Sunday, 12 May 2013

Spring at last in the woodland.


Spring is sprung, the grass is ris.
I wonders where the birdies is.
They say the birds is on the wing.
Ain't that absurd?
I always thought the wing was on the bird. 


 We have had over a week of dry sunny weather which has been ideal for getting things sorted out in the garden. This has included extending an existing island border and planting up some newly reclaimed areas. After a couple of days of overdue rain the forecast is for more mixed weather, the main feature is a noticeable drop in temperature accompanied by a cold wind just in time to blow the cherry blossom of the trees. 

A member of the Berberidaceae, Epimedium (Barrenwort) is my favourite genus for ground cover in woodland shade and dry conditions. 

Epimedium grandiflorum 'Queen Esta'
Epimedium grandiflorum 'Queen Esta' is a deciduous cultivar with large flowers, a real favourite of mine.

They are generally divided into two groups: those from Asia prefer the damper conditions in shade or semi-shade whilst the rest, mainly from around the Mediterranean will tolerate much drier conditions once established. They also have truly deciduous and semi-evergreen species although the leaves, which can display seasonal colour variations, generally deteriorate and are best cut back in early spring which also helps to display the emerging flowers. They form a very woody base made up of rhizomes which can be chopped up to provide new plants usually in late summer. The small flowers, sometimes very tiny, are exquisite, resembling miniature orchids. 


Epimedium x warleyense 'Orangekonigin'

Introduced by Ernst Pagels this is a beautiful cross between Epimedium alpinum and Epimedium pinnatum subsp. colchicum.*

Epimedium x rubrum
 Cross between Epimedium alpinum and Epimedium grandiflorum* has good foliage colour. 


Epimedium davidii

  Very long flowering season and the flowers are born high above the foliage which is a big plus. An Asiatic species which can be a bit invasive but worth it. "Yellow Spiders"!

Epimedium x versicolor 'Sulphureum'
 This picture was taken at the Manchester Botanical Gardens at Fletcher Moss a few years ago. A cross between Epimedium grandiflorum and Epimedium pinnatum* this plant has the beauty of the flowers combined with strong foliage colour.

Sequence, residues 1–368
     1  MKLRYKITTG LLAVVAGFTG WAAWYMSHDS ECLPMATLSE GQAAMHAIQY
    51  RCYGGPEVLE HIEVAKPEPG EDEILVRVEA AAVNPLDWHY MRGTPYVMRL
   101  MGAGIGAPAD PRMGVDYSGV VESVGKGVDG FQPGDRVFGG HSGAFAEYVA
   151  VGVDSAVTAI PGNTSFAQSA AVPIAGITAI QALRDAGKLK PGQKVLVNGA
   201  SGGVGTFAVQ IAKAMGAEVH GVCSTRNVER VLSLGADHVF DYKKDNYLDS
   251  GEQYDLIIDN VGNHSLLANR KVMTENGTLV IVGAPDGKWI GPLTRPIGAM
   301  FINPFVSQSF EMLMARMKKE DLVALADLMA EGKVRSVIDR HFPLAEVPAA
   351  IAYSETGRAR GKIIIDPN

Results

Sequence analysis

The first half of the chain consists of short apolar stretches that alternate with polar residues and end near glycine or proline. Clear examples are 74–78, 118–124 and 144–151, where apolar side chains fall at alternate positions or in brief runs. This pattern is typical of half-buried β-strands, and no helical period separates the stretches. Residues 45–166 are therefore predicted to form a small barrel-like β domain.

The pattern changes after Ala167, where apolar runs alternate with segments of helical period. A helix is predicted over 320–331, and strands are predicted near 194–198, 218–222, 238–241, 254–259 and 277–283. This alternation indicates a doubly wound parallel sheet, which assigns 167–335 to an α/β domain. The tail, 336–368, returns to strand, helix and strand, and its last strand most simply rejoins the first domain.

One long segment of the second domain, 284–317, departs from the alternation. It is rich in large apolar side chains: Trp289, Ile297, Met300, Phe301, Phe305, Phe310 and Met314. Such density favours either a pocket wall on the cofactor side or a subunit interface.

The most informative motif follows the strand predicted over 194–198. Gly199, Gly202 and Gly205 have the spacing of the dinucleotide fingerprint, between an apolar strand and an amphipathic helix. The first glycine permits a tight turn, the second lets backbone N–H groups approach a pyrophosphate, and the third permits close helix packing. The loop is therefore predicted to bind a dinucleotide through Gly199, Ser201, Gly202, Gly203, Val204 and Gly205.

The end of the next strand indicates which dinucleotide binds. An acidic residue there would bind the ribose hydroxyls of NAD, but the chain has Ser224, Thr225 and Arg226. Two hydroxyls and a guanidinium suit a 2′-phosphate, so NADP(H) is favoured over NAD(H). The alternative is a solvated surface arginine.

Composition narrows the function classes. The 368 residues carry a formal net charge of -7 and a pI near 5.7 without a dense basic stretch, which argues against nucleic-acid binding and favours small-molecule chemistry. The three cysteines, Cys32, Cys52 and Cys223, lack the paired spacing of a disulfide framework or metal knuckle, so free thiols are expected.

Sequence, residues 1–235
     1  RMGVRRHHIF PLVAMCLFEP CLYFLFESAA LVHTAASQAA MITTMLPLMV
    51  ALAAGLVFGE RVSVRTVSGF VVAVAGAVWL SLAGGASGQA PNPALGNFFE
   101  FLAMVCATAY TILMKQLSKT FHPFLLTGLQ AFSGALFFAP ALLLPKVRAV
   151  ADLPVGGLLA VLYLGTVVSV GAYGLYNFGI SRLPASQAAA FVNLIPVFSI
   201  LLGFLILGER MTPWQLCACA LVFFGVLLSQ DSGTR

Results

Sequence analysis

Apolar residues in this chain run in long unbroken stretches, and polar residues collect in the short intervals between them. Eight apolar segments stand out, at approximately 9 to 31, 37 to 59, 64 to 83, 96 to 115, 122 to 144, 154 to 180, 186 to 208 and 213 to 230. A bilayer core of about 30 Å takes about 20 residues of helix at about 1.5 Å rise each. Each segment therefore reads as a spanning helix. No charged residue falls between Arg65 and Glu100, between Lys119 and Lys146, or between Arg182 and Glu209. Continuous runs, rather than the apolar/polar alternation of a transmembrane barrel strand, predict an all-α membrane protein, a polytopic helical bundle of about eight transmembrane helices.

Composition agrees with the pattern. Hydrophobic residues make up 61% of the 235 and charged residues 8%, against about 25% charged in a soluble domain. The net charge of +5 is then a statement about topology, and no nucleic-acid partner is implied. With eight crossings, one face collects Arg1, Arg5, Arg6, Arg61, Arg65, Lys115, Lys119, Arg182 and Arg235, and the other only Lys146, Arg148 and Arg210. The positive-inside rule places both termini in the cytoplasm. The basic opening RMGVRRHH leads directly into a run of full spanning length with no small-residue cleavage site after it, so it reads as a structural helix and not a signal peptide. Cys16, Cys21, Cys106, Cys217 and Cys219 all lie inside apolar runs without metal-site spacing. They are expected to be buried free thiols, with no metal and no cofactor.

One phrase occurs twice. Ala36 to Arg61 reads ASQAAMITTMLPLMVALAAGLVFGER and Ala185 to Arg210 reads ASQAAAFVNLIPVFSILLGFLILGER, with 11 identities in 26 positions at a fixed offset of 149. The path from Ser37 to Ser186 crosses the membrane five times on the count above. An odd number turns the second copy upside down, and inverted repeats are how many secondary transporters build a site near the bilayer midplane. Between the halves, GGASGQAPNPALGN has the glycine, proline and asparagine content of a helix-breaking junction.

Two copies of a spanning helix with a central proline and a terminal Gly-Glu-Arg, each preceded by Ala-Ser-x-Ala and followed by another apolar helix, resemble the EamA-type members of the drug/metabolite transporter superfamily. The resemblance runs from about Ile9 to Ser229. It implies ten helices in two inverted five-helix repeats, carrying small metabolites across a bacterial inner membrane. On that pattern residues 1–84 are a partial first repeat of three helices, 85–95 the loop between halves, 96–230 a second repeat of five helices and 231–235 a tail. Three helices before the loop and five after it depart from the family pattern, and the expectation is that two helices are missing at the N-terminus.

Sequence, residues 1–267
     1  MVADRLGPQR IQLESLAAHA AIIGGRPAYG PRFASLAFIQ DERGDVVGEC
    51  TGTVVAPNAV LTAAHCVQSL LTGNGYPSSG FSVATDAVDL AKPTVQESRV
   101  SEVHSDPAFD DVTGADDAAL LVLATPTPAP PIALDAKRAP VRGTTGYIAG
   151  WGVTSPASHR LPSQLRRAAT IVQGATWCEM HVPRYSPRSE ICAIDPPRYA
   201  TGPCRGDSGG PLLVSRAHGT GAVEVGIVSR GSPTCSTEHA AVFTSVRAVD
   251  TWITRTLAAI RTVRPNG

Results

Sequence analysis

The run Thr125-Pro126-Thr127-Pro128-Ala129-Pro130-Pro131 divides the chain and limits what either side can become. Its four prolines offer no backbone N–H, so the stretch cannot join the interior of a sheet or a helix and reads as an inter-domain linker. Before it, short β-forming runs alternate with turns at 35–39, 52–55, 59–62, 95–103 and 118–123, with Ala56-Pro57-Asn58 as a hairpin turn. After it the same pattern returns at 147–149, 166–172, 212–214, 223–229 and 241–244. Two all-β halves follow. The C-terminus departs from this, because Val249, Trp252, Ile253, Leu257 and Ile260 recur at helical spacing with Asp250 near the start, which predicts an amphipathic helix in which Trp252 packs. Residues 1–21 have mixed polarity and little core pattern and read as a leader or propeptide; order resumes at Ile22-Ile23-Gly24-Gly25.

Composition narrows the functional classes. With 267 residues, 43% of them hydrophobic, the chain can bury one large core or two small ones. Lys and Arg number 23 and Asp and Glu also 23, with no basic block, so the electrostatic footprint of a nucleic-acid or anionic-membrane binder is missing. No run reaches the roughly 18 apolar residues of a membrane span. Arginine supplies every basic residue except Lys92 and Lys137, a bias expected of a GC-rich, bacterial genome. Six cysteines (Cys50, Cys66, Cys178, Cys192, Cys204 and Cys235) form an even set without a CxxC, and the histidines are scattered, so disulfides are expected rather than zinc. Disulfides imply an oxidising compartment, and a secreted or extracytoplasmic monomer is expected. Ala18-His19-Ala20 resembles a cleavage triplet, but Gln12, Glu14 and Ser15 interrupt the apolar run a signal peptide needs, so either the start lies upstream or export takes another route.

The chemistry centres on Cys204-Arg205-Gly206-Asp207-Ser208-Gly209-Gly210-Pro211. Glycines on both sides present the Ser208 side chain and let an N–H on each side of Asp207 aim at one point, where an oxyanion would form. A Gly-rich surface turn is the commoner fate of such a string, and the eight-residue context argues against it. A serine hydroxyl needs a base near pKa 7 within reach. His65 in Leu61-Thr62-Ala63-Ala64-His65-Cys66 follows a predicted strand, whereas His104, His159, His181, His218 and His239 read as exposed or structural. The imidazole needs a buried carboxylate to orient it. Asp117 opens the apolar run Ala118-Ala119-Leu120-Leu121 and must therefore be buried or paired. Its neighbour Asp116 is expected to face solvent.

Epimedium x perralchicum 'Frohnleiten'

 Originally a cross between Epimedium perralderianum and Epimedium pinnatum subsp. colchicum, 'Frohnleiten' is a German cultivar by Heinz Klose*. Like the epimedium above the foliage bronzes quite nicely.
Epimedium grandiflorum 'Lilafee'

E.grandiflorum 'Lilafee' has really dark purple young foliage. Yet another cultivar from Ernst Pagels. 

 Out of interest I include the two pictures below, both are members of the Berberidaceae and show the typical basic flower formation without the "wings" of some of the Epimediums.

Berberis linearifolia 'Orange King'

Mahonia aquifolium
 Epimediums are another invaluable genus which are now beginning to gain popularity mainly through hybridisation although they have been around in the U.K. for nearly 200 years. It was interesting that one of the plants that featured on Gardener's World this week, that had been bought at the Malvern Show, was an epimedium. 

There are so many beautiful hardy plants I do think the horticultural industry does itself a massive dis-service by taking the short-term view by pushing the exotics. Anyone who is tempted to buy beautiful looking exotic plants from the garden center, usually at an exorbitant price, promptly loose interest in gardening when they inevitably die.

* Ref: H.P.S. Epimediums and other Herbaceous Berberidaceae by David G. Barker

4 comments:

  1. The Epemediums are such an under valued plant.
    Way back in the 1970's we had a real job trying to convince the public to buy them and it is still probably true today.

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  2. That has always surprised me, Andrew. One of the most difficult areas to address is shade and particularly dry shade and, as you know, epimediums excel in this department. The biggest drawback I find is that many of them bury the flowers in the new foliage which can be frustrating, but as ground cover I think they are unsurpassed.

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  3. Great post on Epimediums Rick, I only have Rubrum at the moment. I am quite taken with grandiflorum 'Queen Esta' with blooms that don't require a magnifying glass to see them. I will be adding my tuppence worth on this plant soon, and will link to your detailed post.

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  4. Thanks Alistair for your kind words and the proposed link, look forward to your post. I bought my 'Queen Esta' from Long Acre Plants but it doesn't seem to be listed anymore.

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